Leadership is indeed a great responsibility. To lead is not only to have a vision, but also inspire others to share the same vision. This would be easy if one were to lead and inspire people in the world of business or politics, but leading and inspiring others to share the vision of self-realization by willfully and cheerfully accepting poverty and celibacy will surely require a special person. Sri Ramakrishna was no ordinary soul. He not only had to inspire lay devotees to lead an ethical and religious life, but also had to build a team of young men who could take his message to the world outside. He had to ensure that these young men would work as a collective to achieve the larger intent that he had in mind, even after his death. His terminal sickness and impending death necessitated that he not only train each person individually, but also have a leader who would be fit enough to don the role and be trusted, loved and admired by the others.
Keeping all this in mind, Sri Ramakrishna was quietly preparing Narendra to be the leader of the group of youngsters who would carry out this mission. One day he called Narendra and told him, “I leave them in your care. See that they practice spiritual exercises even after my passing away and that they do not return home.” The relationship between a Guru and a Shishya is something very special. Not everyone is lucky to find a true Guru in one’s life. The love, affection, guidance and source of inner strength that a Guru gives his disciple can only be experienced and not explained. Words indeed would be a very limited way of expressing this special relationship. The relationship between Sri Ramakrishna and Narendra was all this and much more. Narendra saw more than a Guru in his teacher. For him, Ramakrishna was God incarnate and he worshiped him. His words and thoughts formed the basis of Narendra’s inner spiritual growth. The last days of Ramakrishna were days of intense physical suffering for him, yet days of bliss too, for he felt that he had fulfilled his mission on earth and was leaving a number of youthful, all-renouncing, determined disciples, who would carry his message across the world. His great hope was in Narendra and he was determined to use as much time as he could to mould and prepare him. He had already started giving hints of his impending death to his disciples and devotees.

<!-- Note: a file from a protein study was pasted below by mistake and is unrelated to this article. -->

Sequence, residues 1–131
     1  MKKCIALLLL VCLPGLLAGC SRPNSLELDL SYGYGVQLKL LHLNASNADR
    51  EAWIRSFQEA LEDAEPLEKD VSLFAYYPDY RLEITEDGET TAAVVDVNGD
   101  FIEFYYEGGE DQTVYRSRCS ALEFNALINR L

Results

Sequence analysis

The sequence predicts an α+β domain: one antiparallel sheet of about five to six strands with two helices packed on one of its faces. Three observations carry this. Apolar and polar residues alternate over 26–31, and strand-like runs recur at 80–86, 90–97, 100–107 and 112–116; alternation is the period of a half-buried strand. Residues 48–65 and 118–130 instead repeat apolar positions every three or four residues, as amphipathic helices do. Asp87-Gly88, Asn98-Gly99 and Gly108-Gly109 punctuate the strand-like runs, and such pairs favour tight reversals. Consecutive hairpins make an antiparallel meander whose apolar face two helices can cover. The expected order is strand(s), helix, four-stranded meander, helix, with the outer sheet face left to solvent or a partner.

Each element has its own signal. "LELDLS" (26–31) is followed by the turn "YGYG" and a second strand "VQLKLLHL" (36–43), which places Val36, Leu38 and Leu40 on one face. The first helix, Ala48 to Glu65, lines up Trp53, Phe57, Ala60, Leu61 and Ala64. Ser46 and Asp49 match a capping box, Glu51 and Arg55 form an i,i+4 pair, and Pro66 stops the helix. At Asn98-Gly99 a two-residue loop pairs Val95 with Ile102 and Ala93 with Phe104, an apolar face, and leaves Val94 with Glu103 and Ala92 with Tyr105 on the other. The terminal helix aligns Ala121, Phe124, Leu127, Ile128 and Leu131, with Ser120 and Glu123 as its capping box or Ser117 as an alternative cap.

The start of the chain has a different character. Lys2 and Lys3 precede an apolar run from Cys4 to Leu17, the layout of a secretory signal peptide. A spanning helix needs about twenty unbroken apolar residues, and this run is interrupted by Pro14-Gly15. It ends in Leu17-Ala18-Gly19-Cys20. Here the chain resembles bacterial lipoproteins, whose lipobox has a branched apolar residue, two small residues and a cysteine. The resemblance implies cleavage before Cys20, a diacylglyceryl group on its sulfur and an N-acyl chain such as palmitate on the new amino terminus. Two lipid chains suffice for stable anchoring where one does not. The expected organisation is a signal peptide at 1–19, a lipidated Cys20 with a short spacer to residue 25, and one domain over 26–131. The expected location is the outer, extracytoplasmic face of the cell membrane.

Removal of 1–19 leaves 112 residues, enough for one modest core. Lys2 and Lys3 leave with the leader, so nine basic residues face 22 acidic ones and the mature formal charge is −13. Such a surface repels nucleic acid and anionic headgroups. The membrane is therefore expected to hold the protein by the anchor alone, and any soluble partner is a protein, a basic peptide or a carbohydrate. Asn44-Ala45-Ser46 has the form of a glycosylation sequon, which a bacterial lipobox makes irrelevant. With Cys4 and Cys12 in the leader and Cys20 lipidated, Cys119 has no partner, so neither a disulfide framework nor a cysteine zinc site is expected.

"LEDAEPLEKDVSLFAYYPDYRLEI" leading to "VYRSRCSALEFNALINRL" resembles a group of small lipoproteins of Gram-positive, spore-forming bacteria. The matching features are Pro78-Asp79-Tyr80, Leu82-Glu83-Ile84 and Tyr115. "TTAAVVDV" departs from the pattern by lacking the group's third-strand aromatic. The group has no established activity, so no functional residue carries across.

Naren was looked upto by the other disciples because of Sri Ramakrishna’s estimate of his spiritual worth. He was also the most intellectual of them all. He was unique in the sense that he had a very high degree of rational thinking, while being very devotional at the same time. He could explain both his master’s teachings and monastic practices in a way in which both the believer and the layperson could understand and assimilate. He fired up his brother disciples and others around him by the power of his personality. Sri Ramakrishna encouraged this central position of Naren in many ways. He told his disciples that Naren was their leader, and made them feel that the spiritual understanding of his chief disciple should be their guide in the days to come.
A few days before his passing away, the Master called all his disciples except Naren and told them that they were to pay full attention to Naren and to do nothing that could cause any discomfort to him. He then called Naren separately and committed all his other disciples to his charge. Being weighed down by his illness and unable to speak, he wrote on a piece of paper that “Narendra will teach others”. Three or four days before his mahasamadhi, he called Naren and looked steadfastly at him and entered into deep meditation. Naren felt as though a subtle force resembling an electric shock had entered his body and he lost outer consciousness. When Naren awoke, Sri Ramakrishna told him, “Naren, today I have given you my all and have become a fakir, a penniless beggar. By the force of the power transmitted by me, great things will be done by you; only after that will you go where you came from.”
And thus was born a great leader, monk, spiritual teacher and inspirer of men who not only changed the course of India’s destiny but that of the world as well.
Kannada version in Prajavani (25-Oct-12)